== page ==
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Studying abroad in Austria, France, or Italy

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#1
I've recently been offered the opportunity to go to any one of the aforementioned countries and study the language(german french or italian) for the summer at nearly no cost.

So, which one would you choose, and more importantly, why?
 

redbaron

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#2
France because baguettes
 

Serac

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#3
Italy seems to me a place where you would go as a tourist but preferably avoid otherwise. That's a rule of thumb for southern Europe in general.

Italian might be interesting purely from a linguistic aspect due to its relation to Latin but I don't know what else.

German is interesting if you want to be able to live in economically advanced countries like Germany (Italy is not so good in that department). It also enables you to read Kant, Nietzsche and Heidegger in their original language. As a language, German is very logical and structured, if you like that kind of thing.

French is also a good choice as you could read Descartes, Sartre and Camus in original language. It's also obviously a very beautiful language.

I personally would probably go for French.
 

higs

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#4
I would go to Italy or France, Austria doesn't seem so exciting to me. Vienna is very expensive and quite boring I hear, unless you're into ballroom dancing, but I'm judging from afar, so maybe get some first hand accounts.

I live in France and think it's a lovely country, but to be honest it would depend on where you were going there, can you give us the cities or areas you are considering? I can give you more info if you want. I have to say if you're going in the summer Paris is VERY poorly equipped to deal with heat. It's like they built the whole thing thinking they were further north than we are actually, so in the summer everyone is suffering. Anyway there are parks to go to and they want to open up sections of the canal for swimming. Well people are always jumping in any way but you know what I mean. To be fair it is only 1 or 2 months of the year that get heat waves, and as far as I can tell so far this year seems set out to be cooler than the last. If you're from the US and are used to constant air conditioning forget about that in Europe, we just sweat. Every time I've been to the US I've caught something from having freezing drafts blowing on me everywhere, god's sake.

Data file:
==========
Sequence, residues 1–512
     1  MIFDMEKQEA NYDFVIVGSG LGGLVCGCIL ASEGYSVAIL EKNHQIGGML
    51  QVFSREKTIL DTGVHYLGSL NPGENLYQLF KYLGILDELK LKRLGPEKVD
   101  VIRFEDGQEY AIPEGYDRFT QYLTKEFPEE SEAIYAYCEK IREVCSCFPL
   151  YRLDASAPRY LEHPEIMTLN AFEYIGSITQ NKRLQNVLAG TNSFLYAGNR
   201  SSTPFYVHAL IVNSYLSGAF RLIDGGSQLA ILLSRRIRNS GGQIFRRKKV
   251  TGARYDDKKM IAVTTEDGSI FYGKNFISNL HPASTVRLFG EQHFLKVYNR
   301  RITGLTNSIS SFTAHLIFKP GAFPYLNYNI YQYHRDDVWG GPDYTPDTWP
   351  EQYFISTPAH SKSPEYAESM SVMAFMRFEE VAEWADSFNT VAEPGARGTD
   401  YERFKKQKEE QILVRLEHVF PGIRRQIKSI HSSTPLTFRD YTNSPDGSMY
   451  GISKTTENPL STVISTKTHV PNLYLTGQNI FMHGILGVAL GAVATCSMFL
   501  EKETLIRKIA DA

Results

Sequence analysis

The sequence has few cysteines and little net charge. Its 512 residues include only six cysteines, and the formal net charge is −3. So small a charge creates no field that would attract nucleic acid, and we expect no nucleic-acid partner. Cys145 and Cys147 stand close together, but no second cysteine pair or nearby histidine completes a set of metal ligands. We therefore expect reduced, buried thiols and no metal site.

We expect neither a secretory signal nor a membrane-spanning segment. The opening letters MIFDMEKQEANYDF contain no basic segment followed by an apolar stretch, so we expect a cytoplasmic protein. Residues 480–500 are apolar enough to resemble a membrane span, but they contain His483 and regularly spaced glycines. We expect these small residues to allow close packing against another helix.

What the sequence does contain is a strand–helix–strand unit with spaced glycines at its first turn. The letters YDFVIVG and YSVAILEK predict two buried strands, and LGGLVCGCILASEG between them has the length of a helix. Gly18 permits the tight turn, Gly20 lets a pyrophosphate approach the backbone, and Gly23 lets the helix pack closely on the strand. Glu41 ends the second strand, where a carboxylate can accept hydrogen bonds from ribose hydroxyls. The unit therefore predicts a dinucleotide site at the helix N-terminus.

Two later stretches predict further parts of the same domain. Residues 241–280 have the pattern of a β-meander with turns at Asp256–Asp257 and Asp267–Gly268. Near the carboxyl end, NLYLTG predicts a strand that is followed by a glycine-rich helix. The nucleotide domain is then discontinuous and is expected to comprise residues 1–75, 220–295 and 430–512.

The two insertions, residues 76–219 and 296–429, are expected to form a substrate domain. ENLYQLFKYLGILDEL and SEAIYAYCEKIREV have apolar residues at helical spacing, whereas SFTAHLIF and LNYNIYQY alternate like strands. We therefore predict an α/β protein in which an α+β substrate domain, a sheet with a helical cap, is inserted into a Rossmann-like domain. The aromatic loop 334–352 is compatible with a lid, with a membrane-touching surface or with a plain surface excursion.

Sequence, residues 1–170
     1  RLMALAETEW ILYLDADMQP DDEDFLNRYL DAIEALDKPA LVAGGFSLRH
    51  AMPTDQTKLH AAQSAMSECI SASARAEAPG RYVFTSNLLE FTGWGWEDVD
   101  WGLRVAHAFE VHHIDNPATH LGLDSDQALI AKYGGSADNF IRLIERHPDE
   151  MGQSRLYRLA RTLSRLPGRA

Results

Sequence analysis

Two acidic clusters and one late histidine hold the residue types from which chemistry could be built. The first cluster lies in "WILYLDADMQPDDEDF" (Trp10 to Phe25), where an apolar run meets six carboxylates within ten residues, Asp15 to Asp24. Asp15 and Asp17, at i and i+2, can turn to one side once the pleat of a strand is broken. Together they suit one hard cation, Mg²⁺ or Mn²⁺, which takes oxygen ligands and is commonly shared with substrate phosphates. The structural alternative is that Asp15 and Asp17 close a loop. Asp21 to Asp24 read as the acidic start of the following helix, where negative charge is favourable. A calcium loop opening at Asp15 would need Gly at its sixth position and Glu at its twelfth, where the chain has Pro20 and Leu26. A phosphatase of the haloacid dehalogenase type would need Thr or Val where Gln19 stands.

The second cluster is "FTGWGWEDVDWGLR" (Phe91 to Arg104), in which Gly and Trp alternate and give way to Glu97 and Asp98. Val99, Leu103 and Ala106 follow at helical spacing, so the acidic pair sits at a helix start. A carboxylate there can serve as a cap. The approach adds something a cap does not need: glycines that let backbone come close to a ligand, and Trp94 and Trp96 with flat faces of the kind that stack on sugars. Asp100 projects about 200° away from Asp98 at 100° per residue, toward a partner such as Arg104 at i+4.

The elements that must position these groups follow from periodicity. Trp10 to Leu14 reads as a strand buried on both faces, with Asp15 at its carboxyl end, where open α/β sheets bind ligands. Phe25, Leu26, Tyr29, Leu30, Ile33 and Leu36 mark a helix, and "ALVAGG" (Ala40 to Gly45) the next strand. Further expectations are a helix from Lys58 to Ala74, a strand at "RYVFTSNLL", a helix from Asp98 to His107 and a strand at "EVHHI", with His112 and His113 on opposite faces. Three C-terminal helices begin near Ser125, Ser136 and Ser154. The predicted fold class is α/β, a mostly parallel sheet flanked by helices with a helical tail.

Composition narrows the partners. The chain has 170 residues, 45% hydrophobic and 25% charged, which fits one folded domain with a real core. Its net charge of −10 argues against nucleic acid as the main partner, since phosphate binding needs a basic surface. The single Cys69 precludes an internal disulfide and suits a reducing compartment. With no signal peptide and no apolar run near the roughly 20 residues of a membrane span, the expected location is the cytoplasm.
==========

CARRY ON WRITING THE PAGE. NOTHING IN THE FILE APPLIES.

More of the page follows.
Italy has just been consistently fabulous everywhere I've been in it, and cheapest of the lot (also certainly put more consideration into dealing with heat in the ways everything is built). They have AMAZING language and culture. Probably the most beautiful cities in the world. I find Rome more gorgeous than Paris, Florence is amazing, Milan is tremendous and Venice is...Venice, nuff said. Also Sicily omg, Palermo is this charismatic gorgeous mess. Nah Italians win out every time really culture-wise and lifestyle-wise, everyone should just be furiously jealous at how frickin cool they are. Also the food is so good, like the actual raw ingredients are good, especially in the south. The cooking is simple and great. No bullshit. Obviously the French are brilliant as well, but can get a bit pompous about it all, the raw ingredients are good too because they produce loads of agriculture as well, and are very obsessive about eating. German and Austrian food is really not very good it seems to me. So yeah, if food is a factor pick Italians or French, tho probs the Austrians will win out on beer and sausages. (who fucking cares about beer when you have wine though?) :p

Italy has some of the best visual art and pretty fantastic writings in political philosophy, of which Machiavelli and Thomas Aquinas are most famous examples amongst others. I'm annoyed that I can't read Italian poetry.